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February 28, 2003 - Image 68

Resource type:
Text
Publication:
The Detroit Jewish News, 2003-02-28

Disclaimer: Computer generated plain text may have errors. Read more about this.

"Hand IV" 1969,
etching and aquatint
on paper, artists proof
Art Gallery of Windsor.

"Reclining Figure
Hinged," 1974/75,
mixed media on paper,
Art Gallery of Windsor.
Mechanical link- and
hinge-like motifs.
combined with ballekic,
humanoid shapes.

"Walking Figure,"
1968, pastel and
charcoal on paper,
Art Gallery ofWindsor.

Monumental Artist

World renowned as an innovative creator of large-scale metal sculpture, Sorel Etrog

SUZANNE CHESSLER

Special to the Jewish News

A

merican film fans may not
know the identity of the
artist who created the Oscar
statuette, but longtime
Canadian movie buffs are aware of the
sculptor who designed their compara-
ble Genie award figure.
The Genie, between 1968 and
1980, was called the Etrog, taking its
name from its designer, Sorel Etrog,
one of Canada's most prolific artists.
Although the name was changed
after the formation of the Academy of
Canadian Cinema & Television, its
symbolism remains strong.
The abstracted, standing figure is
likened to a tree with a sturdy trunk
that allows for growth and develop-
ment at the top. It reflects the process
that transforms an idea into a visual
reality and creates a parallel between
sculpture and filmmaking.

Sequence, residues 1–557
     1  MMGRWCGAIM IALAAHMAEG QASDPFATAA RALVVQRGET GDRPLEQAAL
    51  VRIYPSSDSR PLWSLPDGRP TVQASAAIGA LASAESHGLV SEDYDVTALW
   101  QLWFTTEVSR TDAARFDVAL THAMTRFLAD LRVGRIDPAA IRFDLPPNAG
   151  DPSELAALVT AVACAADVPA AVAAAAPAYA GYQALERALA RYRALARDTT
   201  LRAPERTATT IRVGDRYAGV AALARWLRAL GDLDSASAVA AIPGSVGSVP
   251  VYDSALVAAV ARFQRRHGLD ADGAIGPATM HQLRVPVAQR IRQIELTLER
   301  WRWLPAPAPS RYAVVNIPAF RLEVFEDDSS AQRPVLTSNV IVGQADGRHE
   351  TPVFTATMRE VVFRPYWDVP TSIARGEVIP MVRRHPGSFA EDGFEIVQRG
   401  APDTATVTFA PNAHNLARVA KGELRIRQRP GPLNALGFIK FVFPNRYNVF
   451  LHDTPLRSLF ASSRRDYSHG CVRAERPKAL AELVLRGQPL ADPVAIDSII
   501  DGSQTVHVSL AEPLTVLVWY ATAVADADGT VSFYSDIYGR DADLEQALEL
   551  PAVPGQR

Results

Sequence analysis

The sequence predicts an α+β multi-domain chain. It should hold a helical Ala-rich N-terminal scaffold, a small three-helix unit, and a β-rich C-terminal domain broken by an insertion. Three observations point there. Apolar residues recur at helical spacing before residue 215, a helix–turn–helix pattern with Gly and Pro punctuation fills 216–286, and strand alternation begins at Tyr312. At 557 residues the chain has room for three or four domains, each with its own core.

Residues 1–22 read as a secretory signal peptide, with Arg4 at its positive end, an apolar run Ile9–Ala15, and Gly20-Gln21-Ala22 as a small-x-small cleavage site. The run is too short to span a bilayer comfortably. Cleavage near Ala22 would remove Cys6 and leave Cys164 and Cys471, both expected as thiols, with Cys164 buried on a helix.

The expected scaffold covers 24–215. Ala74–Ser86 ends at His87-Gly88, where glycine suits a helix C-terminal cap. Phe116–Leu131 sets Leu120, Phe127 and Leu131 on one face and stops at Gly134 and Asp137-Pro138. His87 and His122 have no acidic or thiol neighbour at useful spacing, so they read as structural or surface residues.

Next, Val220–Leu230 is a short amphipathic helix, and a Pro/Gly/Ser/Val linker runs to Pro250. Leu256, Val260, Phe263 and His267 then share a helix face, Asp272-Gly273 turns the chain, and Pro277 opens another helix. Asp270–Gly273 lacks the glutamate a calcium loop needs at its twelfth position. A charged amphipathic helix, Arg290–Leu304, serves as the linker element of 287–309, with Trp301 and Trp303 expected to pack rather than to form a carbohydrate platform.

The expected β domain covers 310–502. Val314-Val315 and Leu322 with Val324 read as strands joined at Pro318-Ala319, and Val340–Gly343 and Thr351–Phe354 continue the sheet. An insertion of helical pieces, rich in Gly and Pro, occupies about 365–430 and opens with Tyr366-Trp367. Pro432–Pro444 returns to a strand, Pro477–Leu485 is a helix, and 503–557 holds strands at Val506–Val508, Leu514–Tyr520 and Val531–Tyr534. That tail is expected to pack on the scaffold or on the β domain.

"I think the most important thing
for an artist is the process," says Etrog,
who was named a member of the
Order of Canada in 1994 and appoint-
ed Chevalier of Arts and Letters by the
French government in 1996.

2/28
2003

70

"I don't start my work with an idea.
Ideas evolve with the process."
Etrog, 70, shows a segment of his
many processes in an exhibit at the Art
Gallery of Windsor (AGW). Titled
"Sorel Etrog" and continuing through
March 16, the display includes a wide
selection of drawings and prints
recently donated by the artist to the
permanent collection at
the gallery.
"I've donated to many
different galleries and
consider this one very
fine," says Etrog, whose
talents also are
expressed through writ-
ing. "I wanted people to
have more awareness of
my work beyond the
two garden sculptures
(Space Plough and King
and Queen) that already
are there."
The current exhibit
includes ink, charcoal and graphite
drawings as well as intaglio prints
and serigraphs. They show both the
bold application of colorful marks on
a surface and reductive techniques
that use erasers.

Hand 114 completed in 1969, and
Reclining Figure Hinged, done in
1974-75, showcase Etrog's pairing of
opposing forces, such as linearity with
volume, hard-edged geometry with
organic shapes and mass with a seem-
ing freedom from gravity.
The artist's trademarks are mechani-
cal links and hinge-like images com-'

it creates organic articulation as part of
the mechanics of the body."

Jewish Roots

Etrog, born in Romania, moved to
Israel with his family in 1950. He
studied drawing, painting, sculpture,
graphics and theater set design at the
Tel Aviv Art Institute
and had group and
solo exhibitions.
After being award-
ed a scholarship from
the Brooklyn
Museum Art School,
he met Toronto col-
lector Sam Zacks in
New York. Zacks,
who bought Etrog's
construction White
— Sorel Etrog
Scaffolding, offered
the artist a summer
studio in Ontario.
Etrog, while start-
ing to sell his work in both America
and Canada, settled in Toronto in
1963. Early influences were Paul Klee
and ornamented objects from Africa,
New Guinea and the pre-Columbian
Americas.

"I don't start my
work with an idea.
Ideas evolve with
the process."

bined with human references.
"I'm mostly interested in contact
between two shapes or lines," Etrog
says. "The idea was to use devices of
contact, such as links, hinges or rivets.
The knee is a perfect hinge in the way

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